It’s here. Girl Scout cookie season.
Sales in Central Texas begin on Wednesday and continue through Feb. 23. You’ll start seeing girls in front of stores ready to sell you cookies starting on Saturday.
Want to know where to find the cookies? Go to the cookie finder, gsctx.org/en/cookies/find-cookies.html.
This year, the cookies are the same as last year, and sell for $4 a box, except the Caramel Chocolate Chip, which are gluten free and $5.
What are the other flavors? The classic Thin Mints, Peanut Butter Sandwich, and Shortbread. as well as Caramel deLites (coconut, chocolate and caramel), Peanut Butter Patties (chocolate and peanut butter), Lemonades (lemon iced cookies), S’mores (chocolate covered graham cracker with marshmallow), and Thanks-A-Lot (a shortbread cookie with chocolate on the bottom). If you love the Thanks-A-Lot, it’s the last year for this cookie, so stock up.
What does selling Girl Scout cookies teach the girls? As a troop leader since 2009 (yes this is my 11th cookie season), I can tell you it’s not just about the cookies. It’s the lessons they learn.
Here are 10 things, I’ve seen girls learn from selling cookies:
1. How to talk to strangers. It takes a lot of courage to ask someone you don’t know: "Would you like to buy a box of Girl Scout cookies?" They often start out very shy and don’t want to do it, but they learn to get over that anxiety and become more comfortable.
2. How to take rejection. They really are fine if you say no. Where they get upset is when you fake ignore them. (Yes, they can see you pick up your phone, not dial, and pretend to have a conversation with no one on the other end.) Just say no if you don’t want the cookies, or buy a box for the girls to send to military stationed overseas.
3. The value of money. Yes, at one point we figured out that at some booths we weren’t making minimum wage, but at some booths we are and then some. Girls get to see progress $4 at a time. And they learn to count money. That’s not a skill that is learned confidently until practiced.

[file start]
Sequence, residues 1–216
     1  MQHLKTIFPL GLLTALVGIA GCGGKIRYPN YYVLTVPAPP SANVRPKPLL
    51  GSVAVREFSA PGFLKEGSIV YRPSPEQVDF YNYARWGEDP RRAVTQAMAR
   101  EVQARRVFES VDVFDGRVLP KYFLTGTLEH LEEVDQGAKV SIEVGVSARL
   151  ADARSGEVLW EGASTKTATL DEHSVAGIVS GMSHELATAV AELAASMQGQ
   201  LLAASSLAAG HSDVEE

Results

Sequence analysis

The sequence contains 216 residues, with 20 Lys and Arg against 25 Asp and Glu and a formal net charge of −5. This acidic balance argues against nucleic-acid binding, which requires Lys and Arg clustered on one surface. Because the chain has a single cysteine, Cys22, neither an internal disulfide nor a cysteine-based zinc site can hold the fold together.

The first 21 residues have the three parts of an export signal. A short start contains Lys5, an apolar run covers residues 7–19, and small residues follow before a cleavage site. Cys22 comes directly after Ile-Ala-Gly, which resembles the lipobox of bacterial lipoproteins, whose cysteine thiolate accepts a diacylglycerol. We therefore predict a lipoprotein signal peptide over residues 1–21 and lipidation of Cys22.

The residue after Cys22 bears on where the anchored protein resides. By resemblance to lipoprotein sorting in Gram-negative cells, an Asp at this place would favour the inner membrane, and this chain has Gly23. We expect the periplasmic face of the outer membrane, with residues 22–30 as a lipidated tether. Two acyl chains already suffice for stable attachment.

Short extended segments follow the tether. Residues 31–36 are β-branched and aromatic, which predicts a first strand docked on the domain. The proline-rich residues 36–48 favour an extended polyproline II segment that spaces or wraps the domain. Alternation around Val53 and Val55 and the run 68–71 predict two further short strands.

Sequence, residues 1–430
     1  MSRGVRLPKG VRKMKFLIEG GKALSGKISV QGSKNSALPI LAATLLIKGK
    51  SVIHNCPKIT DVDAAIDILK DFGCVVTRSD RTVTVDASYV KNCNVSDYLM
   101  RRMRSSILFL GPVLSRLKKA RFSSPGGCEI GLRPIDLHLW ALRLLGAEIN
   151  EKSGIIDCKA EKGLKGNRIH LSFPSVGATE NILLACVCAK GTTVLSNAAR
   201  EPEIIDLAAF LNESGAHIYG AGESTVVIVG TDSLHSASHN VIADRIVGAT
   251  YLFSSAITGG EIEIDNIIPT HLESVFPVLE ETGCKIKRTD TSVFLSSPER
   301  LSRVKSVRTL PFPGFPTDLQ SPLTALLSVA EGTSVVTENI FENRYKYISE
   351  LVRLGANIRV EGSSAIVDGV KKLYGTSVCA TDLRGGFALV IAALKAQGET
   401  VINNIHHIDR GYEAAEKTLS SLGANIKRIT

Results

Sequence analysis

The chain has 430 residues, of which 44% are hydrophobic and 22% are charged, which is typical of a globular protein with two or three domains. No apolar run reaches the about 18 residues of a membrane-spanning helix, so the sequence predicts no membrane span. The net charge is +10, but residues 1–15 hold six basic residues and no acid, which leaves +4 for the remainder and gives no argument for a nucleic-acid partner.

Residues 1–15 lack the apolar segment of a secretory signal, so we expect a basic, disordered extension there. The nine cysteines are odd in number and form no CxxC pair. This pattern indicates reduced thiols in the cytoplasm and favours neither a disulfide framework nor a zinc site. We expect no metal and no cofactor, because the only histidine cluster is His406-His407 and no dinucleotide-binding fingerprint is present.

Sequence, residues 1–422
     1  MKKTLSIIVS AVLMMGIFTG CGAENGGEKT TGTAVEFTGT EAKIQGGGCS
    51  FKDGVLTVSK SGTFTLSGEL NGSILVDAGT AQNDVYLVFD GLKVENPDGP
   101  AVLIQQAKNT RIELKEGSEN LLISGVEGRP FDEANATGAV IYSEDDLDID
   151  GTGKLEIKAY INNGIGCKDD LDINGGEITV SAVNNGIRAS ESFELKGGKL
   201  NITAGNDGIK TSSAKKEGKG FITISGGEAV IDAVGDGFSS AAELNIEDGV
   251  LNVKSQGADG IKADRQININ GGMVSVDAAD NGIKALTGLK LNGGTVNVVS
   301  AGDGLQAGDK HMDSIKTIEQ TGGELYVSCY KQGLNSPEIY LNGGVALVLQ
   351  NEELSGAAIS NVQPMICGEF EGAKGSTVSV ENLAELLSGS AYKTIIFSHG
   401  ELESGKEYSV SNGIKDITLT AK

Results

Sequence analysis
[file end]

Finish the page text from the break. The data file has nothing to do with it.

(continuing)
4. Perseverance. It’s not easy standing in one place asking the same question for two hours at a time. Some girls do one or two booths a weekend, others do back-to-back-to-back booths as well as booths on the weekdays. That’s a lot. You can’t quit a booth halfway through unless you’re sick. There’s also no breaks once a booth starts until your slot is over. And this goes on for six weeks.
5. How to be ready for a first job. They are running their own business, which means taking inventory, controlling ordering, doing displays, etc. If I had a business that hired teens, I would hire a Girl Scout over another teen. She’s already run a business and worked a job.
6. How to budget. My girls are saving for a trip to Europe in a year and a half. Each girl knows how much she needs to sell to be able to pay for her trip, as well as what other fundraising opportunities she might need to do. We’ve been teaching them budgeting since they were in kindergarten, and we took a first trip to Sea World after cookie season. We’ve been to all kinds of museums and sites all over Texas. We’ve been to Jamaica, Mexico and Grand Cayman on a cruise. Some went to Italy and Greece last summer. None of it would be possible without cookies.
7. How to be safe. Safety is always first. They learn to trust their gut if something seems creepy. They learn to stick to lighted areas, not to sell to people in cars, to always have an adult with them, and how to keep their money safe and not get stolen, and to wear good, sturdy shoes in case a box gets dropped on your toe.
8. How to work together. As younger girls, it’s always at least two girls and two adults. Those girls have to work together to figure out who is bringing the cookies, who’s bringing the money, whose bringing the table, whose bringing the sign. They work out the timing of asking potential customers so that they both aren’t asking the same person. They also learn how to work with other adults that aren’t their parents.
9. How to be generous. Every year, we are approached by someone at a booth who might not have a home or might not have a secure food source. On their own, they almost always ask their mom or dad if they can give a box to that person. This year, my troop voted to put together care packages with toiletries, a blanket, and protein-rich snacks to give out as well.